The training was held in the Cultural Resources building, which houses state of the art curatorial facilities to preserve and conserve objects, artifacts, and archive materials that tell the stories of Kalaupapa NHP and its residents. The collection storage and research facility, called Hale Malāma, was not fully completed back when AHA visited in 2011; so it was a privilege to see the result of phase II.
Scott Williams reports that the museum collection, first managed in 1987, contains over 350,000 objects and archival documents, primarily representing the late twentieth century experiences of residents within the Kalaupapa Settlement. A growing portion of the collection is comprised of archaeological assemblages and representative natural specimens as management continues to inventory its resources. Roughly 300,000 items have been accessioned and cataloged into the Interior Collections Management System. For several years there was no full-time museum staff to process the items. Right now, Scott is the only museum employee; however, the Museum Technician position will be filled in February.
The mauka wing has a lab and curatorial storage facility, which holds rows of books, archives, archaeological collections, and personal objects, that all tell a story of Kalaupapa’s history. The mauka lab is used for accessioning, cataloging, and conservation work; in addition, it contains two large chest freezers. The wing also holds a large back-up generator that proved very useful during our stay; although, in darkness we learned that the generator is solely for climate control and not lighting.
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The makai wing holds a storage facility for over-sized objects such as furniture, lighting fixtures, and antiquated medical equipment. This wing also contains a lab for processing and conservation work and allows for new collections to be brought in without affecting other collections. I was highly impressed with the large walk-in freezer, which we also noted had a safety feature so that you could not lock yourself inside.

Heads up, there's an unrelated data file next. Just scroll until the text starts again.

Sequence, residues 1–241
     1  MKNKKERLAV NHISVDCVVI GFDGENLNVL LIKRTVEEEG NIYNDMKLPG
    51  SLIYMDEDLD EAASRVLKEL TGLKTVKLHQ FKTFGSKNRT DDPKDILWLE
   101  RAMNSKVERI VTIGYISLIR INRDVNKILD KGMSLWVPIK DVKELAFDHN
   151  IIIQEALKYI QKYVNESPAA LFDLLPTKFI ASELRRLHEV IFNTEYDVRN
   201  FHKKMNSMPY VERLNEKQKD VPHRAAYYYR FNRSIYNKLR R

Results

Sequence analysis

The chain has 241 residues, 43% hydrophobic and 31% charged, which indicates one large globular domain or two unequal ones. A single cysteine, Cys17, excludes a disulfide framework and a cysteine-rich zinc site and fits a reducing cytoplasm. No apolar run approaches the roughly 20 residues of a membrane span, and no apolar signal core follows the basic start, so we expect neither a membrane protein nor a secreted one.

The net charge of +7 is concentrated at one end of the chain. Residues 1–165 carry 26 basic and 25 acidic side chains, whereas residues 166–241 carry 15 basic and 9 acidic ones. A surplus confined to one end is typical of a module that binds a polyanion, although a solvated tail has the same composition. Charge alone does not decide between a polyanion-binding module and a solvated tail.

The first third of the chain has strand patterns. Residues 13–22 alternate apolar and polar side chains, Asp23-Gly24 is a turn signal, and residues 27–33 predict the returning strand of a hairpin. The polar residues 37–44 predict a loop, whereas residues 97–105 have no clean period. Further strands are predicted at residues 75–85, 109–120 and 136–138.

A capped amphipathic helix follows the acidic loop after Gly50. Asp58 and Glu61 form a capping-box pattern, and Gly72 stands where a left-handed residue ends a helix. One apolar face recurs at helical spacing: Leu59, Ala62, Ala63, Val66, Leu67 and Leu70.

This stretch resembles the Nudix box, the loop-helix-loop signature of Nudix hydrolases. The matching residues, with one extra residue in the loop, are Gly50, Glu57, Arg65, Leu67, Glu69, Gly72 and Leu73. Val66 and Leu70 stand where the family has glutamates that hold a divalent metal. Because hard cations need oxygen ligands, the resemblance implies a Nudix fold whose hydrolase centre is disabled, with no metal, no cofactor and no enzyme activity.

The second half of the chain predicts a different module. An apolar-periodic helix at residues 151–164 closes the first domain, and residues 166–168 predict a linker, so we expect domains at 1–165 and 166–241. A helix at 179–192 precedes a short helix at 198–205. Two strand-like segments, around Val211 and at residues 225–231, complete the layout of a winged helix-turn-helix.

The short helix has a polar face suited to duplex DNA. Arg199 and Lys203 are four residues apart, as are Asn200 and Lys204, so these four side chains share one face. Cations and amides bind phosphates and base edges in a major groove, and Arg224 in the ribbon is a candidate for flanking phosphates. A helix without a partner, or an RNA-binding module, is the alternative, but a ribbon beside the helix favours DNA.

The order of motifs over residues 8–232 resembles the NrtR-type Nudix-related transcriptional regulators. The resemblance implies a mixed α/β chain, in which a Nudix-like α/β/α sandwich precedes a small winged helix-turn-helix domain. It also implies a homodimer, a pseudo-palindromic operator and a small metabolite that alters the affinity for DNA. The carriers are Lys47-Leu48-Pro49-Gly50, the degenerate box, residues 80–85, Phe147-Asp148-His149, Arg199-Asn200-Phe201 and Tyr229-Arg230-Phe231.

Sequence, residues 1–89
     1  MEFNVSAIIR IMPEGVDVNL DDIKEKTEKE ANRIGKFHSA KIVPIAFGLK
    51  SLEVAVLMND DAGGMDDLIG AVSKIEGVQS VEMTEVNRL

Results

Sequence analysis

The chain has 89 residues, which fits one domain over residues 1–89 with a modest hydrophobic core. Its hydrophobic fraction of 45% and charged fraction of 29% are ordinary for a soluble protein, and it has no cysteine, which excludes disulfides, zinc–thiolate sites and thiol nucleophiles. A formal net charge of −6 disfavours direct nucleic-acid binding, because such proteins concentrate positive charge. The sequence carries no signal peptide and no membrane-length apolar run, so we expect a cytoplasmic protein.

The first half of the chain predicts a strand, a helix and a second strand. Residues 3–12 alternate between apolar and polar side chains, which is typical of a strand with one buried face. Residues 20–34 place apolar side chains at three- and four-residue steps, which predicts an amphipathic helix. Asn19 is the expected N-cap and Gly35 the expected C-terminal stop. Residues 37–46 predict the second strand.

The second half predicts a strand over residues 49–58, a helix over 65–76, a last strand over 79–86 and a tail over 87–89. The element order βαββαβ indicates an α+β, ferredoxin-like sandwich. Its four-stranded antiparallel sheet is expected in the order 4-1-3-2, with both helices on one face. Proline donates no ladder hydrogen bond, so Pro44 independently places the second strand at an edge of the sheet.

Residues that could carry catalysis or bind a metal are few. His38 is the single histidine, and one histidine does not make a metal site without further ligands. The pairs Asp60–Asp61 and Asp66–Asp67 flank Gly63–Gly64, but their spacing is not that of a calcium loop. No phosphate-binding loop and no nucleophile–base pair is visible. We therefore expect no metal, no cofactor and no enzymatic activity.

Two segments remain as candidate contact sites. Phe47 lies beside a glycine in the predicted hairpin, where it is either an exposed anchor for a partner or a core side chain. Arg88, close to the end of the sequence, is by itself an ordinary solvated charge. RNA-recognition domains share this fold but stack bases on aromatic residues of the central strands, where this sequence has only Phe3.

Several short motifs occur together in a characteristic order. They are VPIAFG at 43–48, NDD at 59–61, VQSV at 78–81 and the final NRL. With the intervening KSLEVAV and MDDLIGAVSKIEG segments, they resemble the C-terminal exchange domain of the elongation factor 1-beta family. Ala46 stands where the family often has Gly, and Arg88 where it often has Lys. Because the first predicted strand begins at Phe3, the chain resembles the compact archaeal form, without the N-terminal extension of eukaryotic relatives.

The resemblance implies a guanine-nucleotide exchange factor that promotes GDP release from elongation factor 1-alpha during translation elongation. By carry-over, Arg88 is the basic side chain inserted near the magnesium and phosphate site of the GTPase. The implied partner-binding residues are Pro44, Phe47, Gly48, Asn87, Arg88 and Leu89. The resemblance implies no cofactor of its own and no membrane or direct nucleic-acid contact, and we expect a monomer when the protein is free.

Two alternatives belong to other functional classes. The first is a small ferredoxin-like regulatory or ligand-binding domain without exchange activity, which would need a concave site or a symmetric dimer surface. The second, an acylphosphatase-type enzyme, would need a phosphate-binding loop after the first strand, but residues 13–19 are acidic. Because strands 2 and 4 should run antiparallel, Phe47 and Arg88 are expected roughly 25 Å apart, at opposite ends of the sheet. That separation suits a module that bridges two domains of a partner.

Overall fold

We were fortunate to have two highly informative and engaging HFC specialists lead the training. Theresa Voellinger is the Photograph and Paper Conservator for all of NPS; and Curtis Sullivan is the sole Wooden Artifacts Conservator. They carefully balanced lectures with hands-on opportunities to work with the museum collections.
Theresa covered the history of paper and photography; as it is important to know what an object is made of and how it is made to properly care for it. We learned some surface cleaning techniques for archival collections and were able to clean some of the Park’s collection.
Theresa also taught us countless great tips and tricks for handling and caring for a variety of objects, including distinguishing cellulosic film and polyester film. After learning about long-term preservation strategies for film-based photographic materials, we tried out our new skills and prepared some of the park’s cellulose film for cold storage. The micro-climates we created will allow the boxes to be placed in a frost-free freezer.
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When caring for wood objects, Curtis explained the usefulness of understanding the nature of wood and the variation of wood grain from various sawing techniques. As both a wood craftsmen and a conservator, Curtis seeks to understand how a piece was selected. The boards a woodworker may have chosen for decorative or aesthetic purposes may be unstable and difficult to conserve. Conservation of wooden materials at Kaluapapa has been challenging due to the environmental conditions and termite infestations.